Mentor Graphics just announced three new PADS family products for PCB design that, according to the company, start at unprecedented pricing for the independent hardware engineer, delivering affordable dynamic technology solutions to effectively manage today’s complex systems designs.

Wong: There are a lot of PCB design tools out there—how would you categorize the landscape?

Wiens: You can break it down into three areas, largely dependent on the organizational and design complexity being addressed: 

1) Enterprise engineering. Most teams within an enterprise are large, distributed (nationally or globally) and specialized. This organizational structure requires tools that facilitate team collaboration, such as IP management (data, process) and process concurrency. Design complexity is also typically high, requiring deep technology for the team specialists to design, validate, and manufacture their product. Tool-selection/purchase decisions are typically made by centralized CAD management and corporate purchasing teams. Tools in this space include Mentor Graphics’ Xpedition Enterprise, Cadence’s Allegro, and Zuken’s CR-5000/8000.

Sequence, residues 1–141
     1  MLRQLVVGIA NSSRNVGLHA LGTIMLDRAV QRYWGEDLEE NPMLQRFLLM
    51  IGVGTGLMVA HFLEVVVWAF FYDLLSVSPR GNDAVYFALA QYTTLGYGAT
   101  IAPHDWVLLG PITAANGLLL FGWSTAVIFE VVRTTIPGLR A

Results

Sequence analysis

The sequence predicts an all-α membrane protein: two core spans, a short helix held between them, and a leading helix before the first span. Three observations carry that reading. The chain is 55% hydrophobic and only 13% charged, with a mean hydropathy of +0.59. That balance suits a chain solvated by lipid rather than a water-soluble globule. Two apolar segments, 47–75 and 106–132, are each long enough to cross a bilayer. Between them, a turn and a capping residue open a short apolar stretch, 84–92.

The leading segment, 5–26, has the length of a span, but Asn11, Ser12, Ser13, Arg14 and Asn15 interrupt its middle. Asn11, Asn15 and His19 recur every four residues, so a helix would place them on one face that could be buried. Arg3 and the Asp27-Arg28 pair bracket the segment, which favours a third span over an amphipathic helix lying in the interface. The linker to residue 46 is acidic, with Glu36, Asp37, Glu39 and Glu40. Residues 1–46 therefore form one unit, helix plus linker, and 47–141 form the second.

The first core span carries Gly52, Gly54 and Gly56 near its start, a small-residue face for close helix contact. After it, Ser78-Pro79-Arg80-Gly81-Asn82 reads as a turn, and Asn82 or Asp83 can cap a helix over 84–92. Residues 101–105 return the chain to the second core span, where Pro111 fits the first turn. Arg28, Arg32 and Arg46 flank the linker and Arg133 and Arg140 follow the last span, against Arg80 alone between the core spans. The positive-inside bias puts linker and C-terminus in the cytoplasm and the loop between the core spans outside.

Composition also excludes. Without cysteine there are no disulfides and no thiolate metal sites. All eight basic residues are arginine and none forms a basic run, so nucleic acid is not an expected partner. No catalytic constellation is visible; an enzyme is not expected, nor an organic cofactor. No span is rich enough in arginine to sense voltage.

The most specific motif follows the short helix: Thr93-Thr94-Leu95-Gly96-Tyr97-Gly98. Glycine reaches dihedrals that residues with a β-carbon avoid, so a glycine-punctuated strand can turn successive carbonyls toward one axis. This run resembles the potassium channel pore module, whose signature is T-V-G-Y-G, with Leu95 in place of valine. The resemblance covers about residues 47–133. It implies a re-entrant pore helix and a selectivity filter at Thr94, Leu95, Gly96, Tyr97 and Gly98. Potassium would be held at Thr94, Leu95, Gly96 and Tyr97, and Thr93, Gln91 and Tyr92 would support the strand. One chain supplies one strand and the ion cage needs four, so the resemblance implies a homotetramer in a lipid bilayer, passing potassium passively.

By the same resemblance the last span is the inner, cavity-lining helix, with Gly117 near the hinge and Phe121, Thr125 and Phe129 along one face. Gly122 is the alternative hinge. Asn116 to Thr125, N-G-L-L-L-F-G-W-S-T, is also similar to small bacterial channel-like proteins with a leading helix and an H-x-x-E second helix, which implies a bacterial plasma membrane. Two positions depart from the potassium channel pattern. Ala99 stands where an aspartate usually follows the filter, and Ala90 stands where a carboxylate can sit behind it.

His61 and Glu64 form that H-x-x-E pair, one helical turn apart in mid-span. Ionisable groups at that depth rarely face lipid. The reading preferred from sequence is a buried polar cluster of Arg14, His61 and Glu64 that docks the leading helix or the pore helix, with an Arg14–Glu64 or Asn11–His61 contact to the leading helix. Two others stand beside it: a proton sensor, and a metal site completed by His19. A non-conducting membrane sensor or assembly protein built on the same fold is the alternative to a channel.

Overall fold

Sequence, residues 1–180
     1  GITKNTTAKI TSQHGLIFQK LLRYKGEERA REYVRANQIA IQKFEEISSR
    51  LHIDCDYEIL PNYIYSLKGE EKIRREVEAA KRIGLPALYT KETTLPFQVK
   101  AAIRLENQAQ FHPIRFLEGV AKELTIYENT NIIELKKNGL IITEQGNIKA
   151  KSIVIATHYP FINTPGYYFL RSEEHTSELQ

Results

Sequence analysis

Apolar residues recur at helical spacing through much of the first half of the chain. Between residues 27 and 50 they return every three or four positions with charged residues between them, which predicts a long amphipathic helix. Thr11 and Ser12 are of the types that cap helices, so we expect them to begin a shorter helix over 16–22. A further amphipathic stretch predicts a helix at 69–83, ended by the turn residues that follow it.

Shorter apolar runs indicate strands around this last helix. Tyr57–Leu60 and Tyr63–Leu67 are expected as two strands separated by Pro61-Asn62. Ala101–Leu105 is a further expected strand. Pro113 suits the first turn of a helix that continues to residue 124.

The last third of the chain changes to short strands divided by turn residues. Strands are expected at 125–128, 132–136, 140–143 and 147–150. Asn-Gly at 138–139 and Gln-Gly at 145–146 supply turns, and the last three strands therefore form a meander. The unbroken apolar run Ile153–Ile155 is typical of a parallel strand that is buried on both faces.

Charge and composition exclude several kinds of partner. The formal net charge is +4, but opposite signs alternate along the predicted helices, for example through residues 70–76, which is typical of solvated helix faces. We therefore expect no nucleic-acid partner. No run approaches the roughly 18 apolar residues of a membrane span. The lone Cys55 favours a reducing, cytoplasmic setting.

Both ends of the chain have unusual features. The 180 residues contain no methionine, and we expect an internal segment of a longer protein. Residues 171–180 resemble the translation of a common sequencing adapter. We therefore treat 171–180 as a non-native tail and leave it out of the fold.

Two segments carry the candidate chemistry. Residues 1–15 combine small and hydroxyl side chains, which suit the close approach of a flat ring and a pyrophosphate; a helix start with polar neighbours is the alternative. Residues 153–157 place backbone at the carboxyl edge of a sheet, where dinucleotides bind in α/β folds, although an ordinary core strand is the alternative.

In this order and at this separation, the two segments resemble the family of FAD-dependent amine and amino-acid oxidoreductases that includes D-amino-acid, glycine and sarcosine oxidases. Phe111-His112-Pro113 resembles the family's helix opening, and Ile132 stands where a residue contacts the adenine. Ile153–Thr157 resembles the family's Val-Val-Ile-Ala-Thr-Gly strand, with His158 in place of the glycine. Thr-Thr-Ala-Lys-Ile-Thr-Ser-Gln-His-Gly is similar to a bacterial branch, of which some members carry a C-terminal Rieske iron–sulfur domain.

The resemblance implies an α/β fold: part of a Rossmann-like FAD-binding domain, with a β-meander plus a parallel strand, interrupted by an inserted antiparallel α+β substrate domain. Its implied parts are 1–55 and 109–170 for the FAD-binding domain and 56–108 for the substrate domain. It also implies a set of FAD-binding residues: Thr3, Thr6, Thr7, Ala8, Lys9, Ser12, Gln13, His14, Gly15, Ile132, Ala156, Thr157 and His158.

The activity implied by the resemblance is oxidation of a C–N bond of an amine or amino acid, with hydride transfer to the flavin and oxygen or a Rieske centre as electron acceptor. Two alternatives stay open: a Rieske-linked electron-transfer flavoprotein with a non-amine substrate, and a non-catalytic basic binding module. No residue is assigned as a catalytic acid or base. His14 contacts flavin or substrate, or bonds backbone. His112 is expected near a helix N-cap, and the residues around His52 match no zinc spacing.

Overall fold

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2) Independent engineering. An independent engineer can reside in a small organization (single-person shop or small workgroup/team creating production designs), or someone in an enterprise who is operating independently of the larger organization (e.g., prototype/concept validation, reference designs, device test, manufacturability assessments). These engineers do the majority of design work themselves, so they must leverage a variety of tools—you could categorize them as design specialists, but tool generalists. They don’t have the same organizational requirements as enterprise teams. Their IP management needs are simpler, and their tool purchase decisions are made at the individual or department level. Product complexity can be as high as those at the enterprise level. Tools in this space include Mentor Graphics’ PADS, Altium Designer, Cadence’s OrCAD, and Zuken’s CADstar.

3) Self-driven engineering: This category has also been referred to as hobbyists and makers. They’re often involved in low-complexity prototypes and one-off designs. These engineers typically operate on their own (not within any corporate structure). Tools in this space include CadSoft Eagle, Pulsonix, and National Instrument’s Electronic Workbench, which tend to be highly commoditized and disposable.

Wong: What are the special requirements of this independent engineer who requires specialized software solutions?